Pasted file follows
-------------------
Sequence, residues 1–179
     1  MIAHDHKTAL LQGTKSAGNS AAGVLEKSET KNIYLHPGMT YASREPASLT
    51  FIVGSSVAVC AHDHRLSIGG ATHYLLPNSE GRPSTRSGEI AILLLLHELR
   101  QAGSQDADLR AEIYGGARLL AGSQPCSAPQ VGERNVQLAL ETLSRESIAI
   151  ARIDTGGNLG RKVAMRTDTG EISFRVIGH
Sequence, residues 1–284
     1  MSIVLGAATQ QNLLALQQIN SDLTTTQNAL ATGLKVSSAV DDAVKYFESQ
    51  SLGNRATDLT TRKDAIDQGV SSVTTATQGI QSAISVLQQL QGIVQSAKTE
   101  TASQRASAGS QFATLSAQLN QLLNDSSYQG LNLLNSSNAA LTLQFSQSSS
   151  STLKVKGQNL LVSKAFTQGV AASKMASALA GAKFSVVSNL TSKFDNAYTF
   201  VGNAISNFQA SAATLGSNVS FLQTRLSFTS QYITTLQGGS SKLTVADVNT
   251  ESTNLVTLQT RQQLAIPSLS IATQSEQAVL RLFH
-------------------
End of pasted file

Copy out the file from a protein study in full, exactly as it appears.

Sequence, residues 1–179
     1  MIAHDHKTAL LQGTKSAGNS AAGVLEKSET KNIYLHPGMT YASREPASLT
    51  FIVGSSVAVC AHDHRLSIGG ATHYLLPNSE GRPSTRSGEI AILLLLHELR
   101  QAGSQDADLR AEIYGGARLL AGSQPCSAPQ VGERNVQLAL ETLSRESIAI
   151  ARIDTGGNLG RKVAMRTDTG EISFRVIGH
Sequence, residues 1–284
     1  MSIVLGAATQ QNLLALQQIN SDLTTTQNAL ATGLKVSSAV DDAVKYFESQ
    51  SLGNRATDLT TRKDAIDQGV SSVTTATQGI QSAISVLQQL QGIVQSAKTE
   101  TASQRASAGS QFATLSAQLN QLLNDSSYQG LNLLNSSNAA LTLQFSQSSS
   151  STLKVKGQNL LVSKAFTQGV AASKMASALA GAKFSVVSNL TSKFDNAYTF
   201  VGNAISNFQA SAATLGSNVS FLQTRLSFTS QYITTLQGGS SKLTVADVNT
   251  ESTNLVTLQT RQQLAIPSLS IATQSEQAVL RLFH